The root systems of this family are far more extensive than most
people realize. Usually a taproot goes down several feet and then,
soil conditions permitting, thickly occupies a large area,
ultimately reaching down 5 to 8 feet. Shallow feeder roots also
as far as or farther than the vines reach at their
Dry gardeners can do several things to assist cucurbits. First, make
sure there is absolutely no competition in their root zone. This
means[i]one plant per hill, with the hills separated in all
directions a little farther than the greatest possible extent of the
variety's ultimate growth.[i] Common garden lore states that
squashes droop their leaves in midsummer heat and that this trait
cannot be avoided and does no harm. But if they've grown as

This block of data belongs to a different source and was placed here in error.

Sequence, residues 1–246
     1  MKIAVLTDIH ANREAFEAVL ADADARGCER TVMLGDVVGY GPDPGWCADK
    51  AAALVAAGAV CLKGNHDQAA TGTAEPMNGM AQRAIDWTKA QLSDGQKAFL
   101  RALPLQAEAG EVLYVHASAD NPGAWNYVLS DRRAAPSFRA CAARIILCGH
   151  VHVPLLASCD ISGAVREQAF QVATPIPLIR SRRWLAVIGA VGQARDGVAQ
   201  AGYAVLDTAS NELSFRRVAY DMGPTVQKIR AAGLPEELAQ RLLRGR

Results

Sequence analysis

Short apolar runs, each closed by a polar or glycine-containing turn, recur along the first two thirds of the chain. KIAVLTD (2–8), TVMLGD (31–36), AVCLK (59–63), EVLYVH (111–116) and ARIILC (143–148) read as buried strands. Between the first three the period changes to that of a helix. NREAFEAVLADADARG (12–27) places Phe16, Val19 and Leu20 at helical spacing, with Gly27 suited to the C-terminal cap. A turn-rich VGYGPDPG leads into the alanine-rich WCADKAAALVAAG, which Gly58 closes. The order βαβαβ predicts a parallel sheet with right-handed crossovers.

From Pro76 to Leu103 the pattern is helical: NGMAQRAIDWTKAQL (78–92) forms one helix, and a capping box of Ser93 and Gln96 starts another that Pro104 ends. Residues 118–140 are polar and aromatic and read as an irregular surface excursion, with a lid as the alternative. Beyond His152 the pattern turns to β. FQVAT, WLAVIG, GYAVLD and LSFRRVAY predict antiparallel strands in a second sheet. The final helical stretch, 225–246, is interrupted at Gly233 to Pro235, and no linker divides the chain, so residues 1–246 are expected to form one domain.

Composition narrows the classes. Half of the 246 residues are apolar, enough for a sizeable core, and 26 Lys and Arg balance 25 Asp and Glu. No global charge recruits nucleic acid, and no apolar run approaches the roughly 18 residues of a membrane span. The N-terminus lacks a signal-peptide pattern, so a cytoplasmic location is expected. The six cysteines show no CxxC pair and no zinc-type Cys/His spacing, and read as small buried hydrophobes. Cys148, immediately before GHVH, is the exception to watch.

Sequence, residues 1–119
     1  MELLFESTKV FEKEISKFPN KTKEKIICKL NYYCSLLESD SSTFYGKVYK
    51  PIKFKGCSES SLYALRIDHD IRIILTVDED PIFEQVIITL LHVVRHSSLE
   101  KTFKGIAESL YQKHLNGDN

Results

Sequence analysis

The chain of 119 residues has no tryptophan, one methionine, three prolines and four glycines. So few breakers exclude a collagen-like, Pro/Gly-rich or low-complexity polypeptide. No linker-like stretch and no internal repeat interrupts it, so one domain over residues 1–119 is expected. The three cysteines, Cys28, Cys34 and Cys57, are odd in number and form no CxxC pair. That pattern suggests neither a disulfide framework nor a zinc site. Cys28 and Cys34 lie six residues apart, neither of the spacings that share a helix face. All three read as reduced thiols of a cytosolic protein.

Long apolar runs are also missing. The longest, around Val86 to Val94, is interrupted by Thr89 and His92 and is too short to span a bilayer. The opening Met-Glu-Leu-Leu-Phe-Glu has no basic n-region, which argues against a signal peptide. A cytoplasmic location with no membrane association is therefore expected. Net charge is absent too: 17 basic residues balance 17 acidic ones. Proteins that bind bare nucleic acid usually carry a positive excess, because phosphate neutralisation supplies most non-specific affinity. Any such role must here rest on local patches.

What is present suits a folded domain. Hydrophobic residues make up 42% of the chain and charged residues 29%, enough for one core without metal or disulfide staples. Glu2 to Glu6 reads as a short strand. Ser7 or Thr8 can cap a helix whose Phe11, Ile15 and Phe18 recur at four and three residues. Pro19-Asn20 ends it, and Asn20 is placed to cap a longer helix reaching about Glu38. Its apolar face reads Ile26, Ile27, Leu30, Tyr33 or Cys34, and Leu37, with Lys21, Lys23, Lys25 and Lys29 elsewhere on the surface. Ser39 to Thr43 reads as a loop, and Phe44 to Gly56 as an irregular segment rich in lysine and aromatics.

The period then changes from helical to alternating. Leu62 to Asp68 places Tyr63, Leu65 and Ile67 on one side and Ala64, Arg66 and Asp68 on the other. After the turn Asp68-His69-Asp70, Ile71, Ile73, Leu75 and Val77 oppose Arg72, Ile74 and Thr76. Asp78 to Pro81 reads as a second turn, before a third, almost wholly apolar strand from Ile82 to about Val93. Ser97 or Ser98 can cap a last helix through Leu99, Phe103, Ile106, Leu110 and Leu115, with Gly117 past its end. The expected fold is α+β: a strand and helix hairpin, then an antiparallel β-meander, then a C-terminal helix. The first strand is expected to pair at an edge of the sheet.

described above, on deep, open soil, capillarity and surface
moisture reserves ensure there usually will be no midday wilting,
even if there is no watering. Two plants per hill do compete and
make each other wilt.
Second, double dig and fertilize the entire lateral root zone.
Third, as much as possible, avoid walking where the vines will
ultimately reach to avoid compaction. Finally, [i]do not transplant
them.[i] This breaks the taproot and makes the plant more dependent
on lateral roots seeking moisture in the top 18 inches of soil.
|ADD TO EBOOK